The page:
I’ve been dreaming of visiting New York city since I was a child. This year I told myself that this was the year to do it, regardless of who would come with me. But luckily the boy is easily convinced so off we jetted with Norwegian airways for five days of adventures. NOTE: It is totally worth paying more for your flight with Norwegian as it then includes a checked bag and two meals (well, two servings. The hot food is ok, the cold is not). Continue reading
Monday morning was sad. We loved KL and didn’t want to leave. But what awaited us was turtles, beach, pool and relaxing. Now I’m not a beach or sunshine person, so I had my reservations. Literally I was wrong about everything. After a quick 50 minute flight with AirAsia aka zero leg room airlines we landed at Kuala Terengganu airport. Like in KL, they have a taxi counter and they understood what we meant with our rambled variations of Tanjong Jara Resort, we paid our money and hopped in a taxi. About 30 minutes in and after making phone calls, the driver tells us there is a problem with his car, but not to worry because his friend would pick us up and take us the rest of the way. My reaction? “I’m going to die. This is like Taken, but worse”. Liam Neeson wouldn’t save us this time. Luckily he pulled in to a busy petrol station and his friend arrived in a licensed taxi, he apologised a lot and off we sped. Literally. Whilst they have nice big smooth roads, people still drive like maniacs. I’m not certain if there were speed limits or not. But we got there alive so it was fine.
On arrival at Tanjong Jara, they chime the gong to signify your arrival. Out we stepped into the heat and humidity, our suitcases whisked away and we were seated in the open air lobby and handed some rose lemonade and sweets (plus cold towels because DAMN it was hot). Our room was ready on arrival so we were taken for a tour of the resort (swanky) and led to our rooms. Basically the best place I’ve stayed. Whilst we had a twin room comprising of two single beds, we also had an extra day bed, a walk in wardrobe and a bathroom bigger than my flat’s lounge. Two sinks and a shower big enough for about ten people. Not too shabby. Worn out from our early start and travels, we headed straight to the beach to chill for the afternoon. Now, one thing you should know about the resort. Where it sits geographically means that whilst it’s nice and hot (and humid), it is also prone to rain. I spotted the signs and headed back to the room. Lisa was less lucky and got a bit wet.
That night we went to their restaurant for our first dinner with Chef Ann. She comes over and chats to you about the menu and asks what you like and don’t like to recommend dishes. My prawns in a spicy coconut sauce was lovely, with crispy spring rolls on the side and a portion of fluffy rice. Add some yummy cocktails into the mix and we were very happy. After dinner was the main event – our first turtle release (and struggling to get into hammocks)! So, the reason we visited this resort is because Emma (Lisa’s sister that joined us in KL) was volunteering for the Lang Tengah Turtle Watch programme which is based on the resort’s beach. Local men comb the beaches at night and rescue any eggs from poachers looking to eat or sell the eggs, and the volunteers monitor them and release them when they are ready to go. After a very professional talk from Emma about the programme and why we need to look after turtles, we headed down the beach in the dark to the special track they had built to help the turtle on their way. I don’t think there is anything better than a bucket of turtles making their way down to the sea. Due to magic (magnetite) in their brains, when turtles are released their internal GPS sets to their location so when they come back to breed in 20-50 years time, they will come back to that exact beach. It’s all very exciting. So high on turtle fun times, we headed back for a well earned sleep.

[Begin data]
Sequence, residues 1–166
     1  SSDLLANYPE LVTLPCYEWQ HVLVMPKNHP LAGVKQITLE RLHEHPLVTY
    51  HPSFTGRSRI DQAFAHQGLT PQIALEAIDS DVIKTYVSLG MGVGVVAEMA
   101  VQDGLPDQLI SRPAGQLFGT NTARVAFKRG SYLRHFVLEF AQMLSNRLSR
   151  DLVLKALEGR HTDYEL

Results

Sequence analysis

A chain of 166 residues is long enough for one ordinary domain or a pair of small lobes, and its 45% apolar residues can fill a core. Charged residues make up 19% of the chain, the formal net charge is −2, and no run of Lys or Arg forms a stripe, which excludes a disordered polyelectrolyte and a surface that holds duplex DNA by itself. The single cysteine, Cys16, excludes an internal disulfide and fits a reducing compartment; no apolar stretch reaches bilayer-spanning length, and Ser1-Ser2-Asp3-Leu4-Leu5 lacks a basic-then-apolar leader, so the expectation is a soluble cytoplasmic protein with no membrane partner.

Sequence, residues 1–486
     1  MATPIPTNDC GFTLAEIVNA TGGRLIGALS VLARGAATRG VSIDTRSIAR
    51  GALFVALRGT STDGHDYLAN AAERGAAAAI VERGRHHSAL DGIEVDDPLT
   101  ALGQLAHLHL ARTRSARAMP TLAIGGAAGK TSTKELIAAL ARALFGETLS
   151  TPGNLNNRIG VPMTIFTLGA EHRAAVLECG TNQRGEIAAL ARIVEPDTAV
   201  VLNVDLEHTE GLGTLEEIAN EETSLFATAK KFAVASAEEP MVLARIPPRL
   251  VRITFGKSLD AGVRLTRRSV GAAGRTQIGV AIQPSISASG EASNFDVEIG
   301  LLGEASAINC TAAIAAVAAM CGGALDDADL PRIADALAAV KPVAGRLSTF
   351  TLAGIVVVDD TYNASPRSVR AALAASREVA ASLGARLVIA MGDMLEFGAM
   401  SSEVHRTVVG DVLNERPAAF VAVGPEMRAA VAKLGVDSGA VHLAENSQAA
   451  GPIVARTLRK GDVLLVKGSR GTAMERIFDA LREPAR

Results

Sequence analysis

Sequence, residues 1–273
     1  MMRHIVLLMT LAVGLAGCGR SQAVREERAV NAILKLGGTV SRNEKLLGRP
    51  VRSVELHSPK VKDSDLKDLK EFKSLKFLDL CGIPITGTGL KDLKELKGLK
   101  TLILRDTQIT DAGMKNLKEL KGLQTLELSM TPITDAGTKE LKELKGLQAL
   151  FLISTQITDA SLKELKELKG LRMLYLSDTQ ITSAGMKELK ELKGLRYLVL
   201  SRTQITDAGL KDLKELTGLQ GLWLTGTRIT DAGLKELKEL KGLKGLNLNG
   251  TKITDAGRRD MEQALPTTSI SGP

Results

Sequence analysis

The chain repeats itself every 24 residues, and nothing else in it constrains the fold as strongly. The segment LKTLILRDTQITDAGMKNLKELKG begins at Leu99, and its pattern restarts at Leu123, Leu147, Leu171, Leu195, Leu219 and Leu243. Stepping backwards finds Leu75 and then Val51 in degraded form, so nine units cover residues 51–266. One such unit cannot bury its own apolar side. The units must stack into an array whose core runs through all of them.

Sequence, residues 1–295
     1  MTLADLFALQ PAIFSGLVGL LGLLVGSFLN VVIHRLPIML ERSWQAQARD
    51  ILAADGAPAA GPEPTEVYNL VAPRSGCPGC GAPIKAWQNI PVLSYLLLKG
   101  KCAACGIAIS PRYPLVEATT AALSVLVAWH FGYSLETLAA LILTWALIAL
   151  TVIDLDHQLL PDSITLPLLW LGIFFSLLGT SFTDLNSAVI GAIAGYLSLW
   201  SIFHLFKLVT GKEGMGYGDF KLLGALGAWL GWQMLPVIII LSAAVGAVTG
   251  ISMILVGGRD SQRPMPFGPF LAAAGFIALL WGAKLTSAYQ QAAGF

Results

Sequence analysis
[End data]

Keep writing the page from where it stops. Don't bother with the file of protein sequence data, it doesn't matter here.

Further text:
Tuesday was spent chilling by the pool, drinking beer. The pool was beautiful, our second infinity pool of the holiday but this time looking out over the beach. Warm water made swimming around completely bearable. Then the rain came. And BOY did it rain. We didn’t duck for cover quick enough so we were drenched fairly quickly. So we did what all responsible adults do in that situation. Shove our bags onto the sun loungers and covered them in towels, then dive bombed into the empty pool. The rain storm cooled the air down, so being in the warm water was really nice. After an hour of playing in the rain, it calmed down enough to run back to our room and take shelter on our patio. A second dinner with Chef Ann rounded off our chilled day – this time spicy black pepper beef, chicken satay and of course more spring rolls. Catching the end of happy hour, we grabbed some cocktails and headed back to our room for a game of ludo that we acquired from the front desk.
Wednesday was spent in a similar vein, except this time I ventured out alone after breakfast and was the first person on the beach. I think I finally understand what relaxing is. Hiding my sunburnt shoulders under my t-shirt, I ventured into the sea as we had plans to go snorkelling, and I’m a bit on the scaredy cat side when it comes to the ocean. And swimming. And open water. And sharks. I admit, there are no sharks where we were, but having watched The Shallows a few days before heading out left me a bit nervous. But it was perfectly pleasant, listening to the sounds of the waves, under my sun umbrella and reading my book. I could have stayed there forever. The afternoon drew us up to the pool where we booked our snorkelling trip (more on that below). We also ventured out to see Emma in her turtle hut and were rewarded by being allowed – after copious amounts of hand sanitiser – to hold teeny tiny newly hatched green turtles. Worth every minute we spent on a plane. They are so strong! Riding high on turtle love, we ventured outside of the resort and walked up the road to CB Wee – a local Chinese restaurant. For £9 between three of us we go: black pepper beef, chicken and cashews, mixed veg, fried rice, noodles, four iced teas and a beer. And, scandalously, the black pepper beef that cost £1 was so much better than the expensive stuff at the hotel. Well worth the short walk. Later that night as we snuggled up in bed, the heavens opened and we didn’t sleep until about 3am due to the torrential rain, thunder and the lightning that hit so close by the room shook.